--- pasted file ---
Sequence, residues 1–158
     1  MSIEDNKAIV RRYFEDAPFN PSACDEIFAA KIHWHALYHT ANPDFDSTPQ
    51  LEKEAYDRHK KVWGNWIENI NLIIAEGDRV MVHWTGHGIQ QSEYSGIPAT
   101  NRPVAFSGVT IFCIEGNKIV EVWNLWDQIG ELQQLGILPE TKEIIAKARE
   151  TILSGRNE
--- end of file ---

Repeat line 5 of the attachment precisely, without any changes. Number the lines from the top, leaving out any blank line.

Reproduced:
   151  TILSGRNE